By Steve Rosen Tribune News Service (TNS)
Apr 20, 2020
Prepare to hit the reboot button on your 529 college savings account if it was tapped to pay for room, board and other costs this school year.
That’s because many colleges and universities plan to offer full or partial refunds to parents or students after campuses were closed and classes moved online to slow the march of the coronavirus infection.
Some schools have said they plan to prorate charges for room and board based on the date students had to pack up and move out. Some schools have already started refunding money, while others have indicated they will.
What about tuition? Few, if any, schools plan to rebate tuition because classes are still taking place, albeit in different venues.
The rebates present a potential tax risk for parents and students who originally used their 529 college savings account to pay some or all of these education costs. There could be withdrawal penalties, too.
Generally speaking, because the refunded amounts are no longer being used for qualified educational expenses, the Internal Revenue Service could reclassify the money as taxable distributions, said Chris Gullotti, a financial adviser with Canby Financial Advisors in Framingham, Mass. He covered this potential tax risk in a recent blog post.
As with many other complicated tax issues that have cropped up in the wake of the pandemic, the IRS has issued some instructions on how to avoid problems with your 529.
According to the IRS, account owners can “recontribute” refunded money into their 529 plans. The catch: This generally must be done within 60 days of receiving the refund.
If the refund is not recontributed by the deadline, it will be considered a non-qualified distribution, unless it was used for other qualified educational expenses in the same year, said Mark Kantrowitz, the publisher of Savingforcollege.com.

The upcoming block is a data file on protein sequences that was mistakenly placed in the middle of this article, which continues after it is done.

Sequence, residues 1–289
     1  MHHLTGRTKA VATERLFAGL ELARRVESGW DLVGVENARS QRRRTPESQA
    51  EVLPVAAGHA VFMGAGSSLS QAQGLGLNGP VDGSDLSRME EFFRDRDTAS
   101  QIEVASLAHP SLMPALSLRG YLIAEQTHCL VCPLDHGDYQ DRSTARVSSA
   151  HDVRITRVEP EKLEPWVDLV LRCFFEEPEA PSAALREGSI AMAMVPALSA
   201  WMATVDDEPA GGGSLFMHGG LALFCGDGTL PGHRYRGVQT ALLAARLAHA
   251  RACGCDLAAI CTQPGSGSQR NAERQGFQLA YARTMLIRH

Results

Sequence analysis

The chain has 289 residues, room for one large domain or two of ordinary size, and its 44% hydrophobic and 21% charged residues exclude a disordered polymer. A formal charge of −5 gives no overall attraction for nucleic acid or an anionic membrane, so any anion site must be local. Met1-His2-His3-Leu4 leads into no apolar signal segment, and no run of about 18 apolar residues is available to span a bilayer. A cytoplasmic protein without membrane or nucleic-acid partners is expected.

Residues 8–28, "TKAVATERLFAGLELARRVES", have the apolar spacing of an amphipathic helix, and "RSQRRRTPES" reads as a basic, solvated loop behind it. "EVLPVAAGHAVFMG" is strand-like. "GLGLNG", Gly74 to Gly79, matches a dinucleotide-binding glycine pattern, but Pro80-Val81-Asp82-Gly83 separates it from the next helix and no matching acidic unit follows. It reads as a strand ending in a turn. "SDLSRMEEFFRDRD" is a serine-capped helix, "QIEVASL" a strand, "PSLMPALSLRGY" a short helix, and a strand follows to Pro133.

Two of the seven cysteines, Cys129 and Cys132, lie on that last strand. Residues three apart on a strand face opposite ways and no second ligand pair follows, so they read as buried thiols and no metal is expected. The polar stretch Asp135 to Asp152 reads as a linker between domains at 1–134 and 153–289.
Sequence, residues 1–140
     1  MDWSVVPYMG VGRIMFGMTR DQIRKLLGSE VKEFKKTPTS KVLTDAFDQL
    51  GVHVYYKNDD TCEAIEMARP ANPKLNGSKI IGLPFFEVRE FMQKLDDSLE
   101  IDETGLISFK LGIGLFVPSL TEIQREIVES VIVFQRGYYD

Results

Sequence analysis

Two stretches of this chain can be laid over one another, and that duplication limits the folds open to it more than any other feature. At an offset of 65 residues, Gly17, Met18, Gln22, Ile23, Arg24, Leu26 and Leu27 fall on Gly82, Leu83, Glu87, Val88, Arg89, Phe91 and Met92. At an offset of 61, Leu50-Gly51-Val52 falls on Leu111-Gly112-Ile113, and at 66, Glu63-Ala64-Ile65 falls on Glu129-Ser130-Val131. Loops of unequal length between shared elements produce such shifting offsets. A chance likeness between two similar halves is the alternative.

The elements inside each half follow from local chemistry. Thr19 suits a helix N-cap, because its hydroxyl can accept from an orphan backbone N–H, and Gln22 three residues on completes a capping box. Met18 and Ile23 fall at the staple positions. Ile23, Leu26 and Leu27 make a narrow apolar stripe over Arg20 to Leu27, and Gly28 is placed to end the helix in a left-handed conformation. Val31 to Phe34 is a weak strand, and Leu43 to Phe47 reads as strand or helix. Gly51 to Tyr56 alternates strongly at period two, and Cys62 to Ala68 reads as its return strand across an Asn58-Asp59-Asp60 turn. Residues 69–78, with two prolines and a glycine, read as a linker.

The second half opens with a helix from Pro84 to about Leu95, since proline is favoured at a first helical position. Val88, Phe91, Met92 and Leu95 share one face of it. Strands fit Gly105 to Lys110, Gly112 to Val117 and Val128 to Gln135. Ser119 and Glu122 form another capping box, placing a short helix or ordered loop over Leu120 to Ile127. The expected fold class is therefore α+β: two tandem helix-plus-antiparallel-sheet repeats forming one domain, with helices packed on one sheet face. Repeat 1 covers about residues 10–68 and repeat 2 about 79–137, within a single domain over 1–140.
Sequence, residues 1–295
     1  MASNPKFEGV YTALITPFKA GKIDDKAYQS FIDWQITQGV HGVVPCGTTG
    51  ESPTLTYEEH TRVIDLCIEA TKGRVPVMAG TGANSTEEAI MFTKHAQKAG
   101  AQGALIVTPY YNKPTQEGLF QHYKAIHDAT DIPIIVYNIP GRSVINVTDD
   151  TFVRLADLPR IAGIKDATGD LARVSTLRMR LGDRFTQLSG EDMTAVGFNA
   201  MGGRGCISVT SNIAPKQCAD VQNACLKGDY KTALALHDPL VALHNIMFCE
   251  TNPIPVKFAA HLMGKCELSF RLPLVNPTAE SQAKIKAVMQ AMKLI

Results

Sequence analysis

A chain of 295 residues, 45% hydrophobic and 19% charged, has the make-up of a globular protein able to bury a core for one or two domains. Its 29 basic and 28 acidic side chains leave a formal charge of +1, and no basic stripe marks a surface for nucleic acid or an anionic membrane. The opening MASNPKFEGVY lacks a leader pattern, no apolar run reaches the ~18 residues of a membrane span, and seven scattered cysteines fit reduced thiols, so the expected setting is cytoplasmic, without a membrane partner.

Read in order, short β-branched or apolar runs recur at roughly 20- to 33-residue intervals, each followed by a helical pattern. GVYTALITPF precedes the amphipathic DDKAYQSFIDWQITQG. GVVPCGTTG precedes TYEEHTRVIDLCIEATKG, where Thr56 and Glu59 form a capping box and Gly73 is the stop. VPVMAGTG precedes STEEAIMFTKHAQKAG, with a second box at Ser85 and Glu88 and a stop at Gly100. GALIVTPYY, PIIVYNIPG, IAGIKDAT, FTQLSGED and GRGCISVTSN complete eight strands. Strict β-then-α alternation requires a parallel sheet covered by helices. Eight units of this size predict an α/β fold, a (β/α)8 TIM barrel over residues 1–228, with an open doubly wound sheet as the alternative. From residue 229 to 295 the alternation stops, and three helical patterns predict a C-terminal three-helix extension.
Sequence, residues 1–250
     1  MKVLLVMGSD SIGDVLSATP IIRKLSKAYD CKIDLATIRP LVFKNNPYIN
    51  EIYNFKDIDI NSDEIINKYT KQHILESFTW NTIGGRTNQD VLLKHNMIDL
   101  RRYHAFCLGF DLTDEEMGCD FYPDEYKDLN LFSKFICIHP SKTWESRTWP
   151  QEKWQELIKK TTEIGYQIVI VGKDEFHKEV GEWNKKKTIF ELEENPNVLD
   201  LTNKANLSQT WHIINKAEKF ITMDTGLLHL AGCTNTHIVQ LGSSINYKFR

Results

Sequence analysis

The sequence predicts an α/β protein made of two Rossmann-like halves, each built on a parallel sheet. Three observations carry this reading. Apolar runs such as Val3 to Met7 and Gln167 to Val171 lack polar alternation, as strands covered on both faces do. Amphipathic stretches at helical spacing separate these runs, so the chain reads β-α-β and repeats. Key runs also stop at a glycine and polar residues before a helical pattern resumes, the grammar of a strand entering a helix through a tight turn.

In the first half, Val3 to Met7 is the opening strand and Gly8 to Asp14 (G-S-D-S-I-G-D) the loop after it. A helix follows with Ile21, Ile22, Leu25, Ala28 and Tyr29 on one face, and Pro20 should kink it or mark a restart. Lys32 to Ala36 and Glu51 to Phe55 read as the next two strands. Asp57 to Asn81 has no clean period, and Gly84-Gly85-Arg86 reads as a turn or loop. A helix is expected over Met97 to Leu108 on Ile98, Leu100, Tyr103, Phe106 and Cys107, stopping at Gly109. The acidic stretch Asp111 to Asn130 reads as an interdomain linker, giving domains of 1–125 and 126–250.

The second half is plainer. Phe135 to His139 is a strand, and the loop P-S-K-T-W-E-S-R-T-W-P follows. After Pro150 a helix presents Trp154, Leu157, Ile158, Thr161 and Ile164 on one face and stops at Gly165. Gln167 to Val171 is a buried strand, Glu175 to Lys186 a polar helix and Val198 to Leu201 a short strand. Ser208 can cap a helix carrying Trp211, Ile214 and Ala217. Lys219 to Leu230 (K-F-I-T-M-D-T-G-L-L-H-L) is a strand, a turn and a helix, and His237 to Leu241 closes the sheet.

For example, if a student gets a pro-rated room and board refund from vacating the dorm, but then buys a computer and pays for internet access for online classes, “this might be OK,” Kantrowitz said. That’s because computer equipment, software, internet access and other similar purchases are qualified higher education expenses for 529 plans.
To avoid tax unpleasantries, the nonprofit College Savings Foundation is urging affected 529 account holders to take care of the recontribution as soon as possible.
Gullotti recommends taking the following steps to make sure everything is done correctly:
—First, contact your 529 plan provider, which may have specific requirements for documenting recontributions.
—Document and save the refund information in case the IRS ever challenges the recontribution. “Remember, you should only recontribute the portion of the refund paid for by your 529 plan,” Gullotti said.
Gullotti suggests sending a check, rather than an electronic payment, for the amount going back into the 529, so there’s a paper trail.
One more potential complication: Some schools are issuing vouchers or credits toward future college costs, and these coupon refunds are already being challenged in the courts.
For now, if the refund is provided in cash, it does not affect the student’s financial aid eligibility, Kantrowitz said. But if a voucher or credit is issued, it will be considered estimated financial aid and will reduce the student’s eligibility for future need-based financial aid, he said.
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